Skills and human capital are the bedrock upon which Portugal is building a new bridge to growth.
Portugal is recovering from the most serious economic and financial crisis the country has experienced in recent history. The reform agenda over the past few years has been ambitious, comprehensive and challenging.
Awareness is now growing among policy makers, employers and households that Portugal’s future economic and social well-being will depend upon securing equitable and high-quality education and jobs while promoting innovation and entrepreneurship.
Portugal is on the road to recovery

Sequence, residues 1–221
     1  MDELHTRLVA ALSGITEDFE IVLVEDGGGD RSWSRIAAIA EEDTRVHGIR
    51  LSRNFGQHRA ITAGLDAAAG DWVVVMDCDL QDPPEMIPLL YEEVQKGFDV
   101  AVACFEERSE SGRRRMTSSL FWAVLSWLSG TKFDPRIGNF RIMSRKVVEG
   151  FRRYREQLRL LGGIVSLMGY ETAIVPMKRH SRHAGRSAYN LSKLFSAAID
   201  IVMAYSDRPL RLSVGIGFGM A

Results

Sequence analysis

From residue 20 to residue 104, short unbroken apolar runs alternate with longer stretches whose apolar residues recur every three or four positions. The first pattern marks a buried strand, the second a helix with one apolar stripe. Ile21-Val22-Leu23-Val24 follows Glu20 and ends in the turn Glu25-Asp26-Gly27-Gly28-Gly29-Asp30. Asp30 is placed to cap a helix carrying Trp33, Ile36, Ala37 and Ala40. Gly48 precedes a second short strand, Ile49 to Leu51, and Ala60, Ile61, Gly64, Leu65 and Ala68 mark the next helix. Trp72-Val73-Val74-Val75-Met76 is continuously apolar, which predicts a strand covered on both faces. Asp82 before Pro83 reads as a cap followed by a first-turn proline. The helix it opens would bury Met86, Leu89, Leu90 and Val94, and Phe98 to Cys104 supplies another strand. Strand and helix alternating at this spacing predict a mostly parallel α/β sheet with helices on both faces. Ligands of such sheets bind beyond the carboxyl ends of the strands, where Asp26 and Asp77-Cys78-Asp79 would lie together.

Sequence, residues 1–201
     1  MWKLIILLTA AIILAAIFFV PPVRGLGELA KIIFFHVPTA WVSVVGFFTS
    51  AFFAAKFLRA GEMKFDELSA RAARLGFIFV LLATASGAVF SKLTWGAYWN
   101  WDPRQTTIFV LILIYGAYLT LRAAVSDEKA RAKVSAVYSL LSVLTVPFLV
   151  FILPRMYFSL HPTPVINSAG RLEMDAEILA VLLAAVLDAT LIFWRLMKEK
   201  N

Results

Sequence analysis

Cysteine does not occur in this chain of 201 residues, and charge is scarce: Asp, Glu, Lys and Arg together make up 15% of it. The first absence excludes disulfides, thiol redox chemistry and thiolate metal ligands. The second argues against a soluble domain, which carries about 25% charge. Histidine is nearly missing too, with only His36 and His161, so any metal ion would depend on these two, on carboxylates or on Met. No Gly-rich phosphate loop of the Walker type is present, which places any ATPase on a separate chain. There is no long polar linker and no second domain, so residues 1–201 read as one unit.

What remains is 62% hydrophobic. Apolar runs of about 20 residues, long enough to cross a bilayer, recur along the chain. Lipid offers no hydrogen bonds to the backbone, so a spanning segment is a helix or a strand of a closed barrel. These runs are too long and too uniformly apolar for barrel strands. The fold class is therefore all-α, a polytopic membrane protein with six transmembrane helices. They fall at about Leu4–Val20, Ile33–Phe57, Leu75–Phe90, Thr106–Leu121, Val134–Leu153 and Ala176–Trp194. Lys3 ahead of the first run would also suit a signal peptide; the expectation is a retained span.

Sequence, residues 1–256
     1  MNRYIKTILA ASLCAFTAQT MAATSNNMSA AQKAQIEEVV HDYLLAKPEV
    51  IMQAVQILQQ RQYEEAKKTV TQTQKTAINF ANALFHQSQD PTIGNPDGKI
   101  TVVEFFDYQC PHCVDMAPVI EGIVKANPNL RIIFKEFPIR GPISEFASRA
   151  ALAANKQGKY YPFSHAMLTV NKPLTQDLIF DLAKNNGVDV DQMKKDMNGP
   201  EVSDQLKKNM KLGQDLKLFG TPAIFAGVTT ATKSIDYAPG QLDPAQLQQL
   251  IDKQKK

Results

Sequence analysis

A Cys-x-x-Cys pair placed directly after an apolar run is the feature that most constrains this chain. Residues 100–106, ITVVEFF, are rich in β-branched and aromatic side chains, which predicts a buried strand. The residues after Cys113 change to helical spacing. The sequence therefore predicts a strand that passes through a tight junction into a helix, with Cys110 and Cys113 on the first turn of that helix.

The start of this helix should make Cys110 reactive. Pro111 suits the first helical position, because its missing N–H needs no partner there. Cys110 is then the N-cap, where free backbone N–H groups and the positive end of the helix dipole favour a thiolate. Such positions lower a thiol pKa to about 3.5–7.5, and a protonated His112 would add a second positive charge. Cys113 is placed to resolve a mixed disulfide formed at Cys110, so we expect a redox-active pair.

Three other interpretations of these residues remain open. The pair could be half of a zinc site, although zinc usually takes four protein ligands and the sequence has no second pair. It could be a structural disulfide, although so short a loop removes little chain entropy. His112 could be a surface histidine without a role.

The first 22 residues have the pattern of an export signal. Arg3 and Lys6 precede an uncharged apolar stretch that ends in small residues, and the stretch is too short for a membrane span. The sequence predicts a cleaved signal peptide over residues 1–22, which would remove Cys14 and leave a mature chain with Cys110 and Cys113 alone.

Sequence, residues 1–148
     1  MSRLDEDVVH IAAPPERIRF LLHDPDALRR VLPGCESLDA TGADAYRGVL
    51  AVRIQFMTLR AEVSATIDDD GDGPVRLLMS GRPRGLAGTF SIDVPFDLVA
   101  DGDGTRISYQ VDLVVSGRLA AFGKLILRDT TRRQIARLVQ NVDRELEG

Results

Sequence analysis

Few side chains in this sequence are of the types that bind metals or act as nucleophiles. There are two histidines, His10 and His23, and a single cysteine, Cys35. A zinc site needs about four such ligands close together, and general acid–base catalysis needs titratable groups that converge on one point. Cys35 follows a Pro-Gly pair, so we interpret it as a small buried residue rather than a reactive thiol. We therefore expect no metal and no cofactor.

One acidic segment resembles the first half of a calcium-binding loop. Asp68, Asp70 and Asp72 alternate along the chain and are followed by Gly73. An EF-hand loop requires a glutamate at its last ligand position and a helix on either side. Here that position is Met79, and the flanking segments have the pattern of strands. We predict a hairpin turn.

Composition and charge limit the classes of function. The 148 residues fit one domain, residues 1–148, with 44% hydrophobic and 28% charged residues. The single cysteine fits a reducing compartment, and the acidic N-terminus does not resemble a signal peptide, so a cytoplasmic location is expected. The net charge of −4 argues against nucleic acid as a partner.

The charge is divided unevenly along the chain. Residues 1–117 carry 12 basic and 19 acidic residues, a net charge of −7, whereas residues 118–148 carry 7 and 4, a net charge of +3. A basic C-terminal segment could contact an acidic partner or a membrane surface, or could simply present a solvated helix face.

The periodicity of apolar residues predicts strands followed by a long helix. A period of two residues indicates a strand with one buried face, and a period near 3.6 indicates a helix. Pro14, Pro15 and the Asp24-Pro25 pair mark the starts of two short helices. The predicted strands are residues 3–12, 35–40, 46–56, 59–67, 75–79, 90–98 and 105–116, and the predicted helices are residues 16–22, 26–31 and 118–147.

Signs of Portugal’s recovery can be seen across the board. Youth unemployment and long-term joblessness rates are falling, even if levels remain too high. Job creation is picking up, and the majority of new jobs created in 2014 were on permanent contracts, which is a good indication that Portugal’s longstanding labour market dualism has been reduced by recent reforms. Educational attainment levels and learning outcomes are rising steadily, as reflected in Portugal’s PISA scores which now approach the OECD average. Measures have been introduced to stimulate entrepreneurship, and in 2014 Lisbon was selected as one of the European Entrepreneurial Regions (EER), in recognition of its strategies to promote entrepreneurship and spread innovation among small and medium enterprises (SMEs).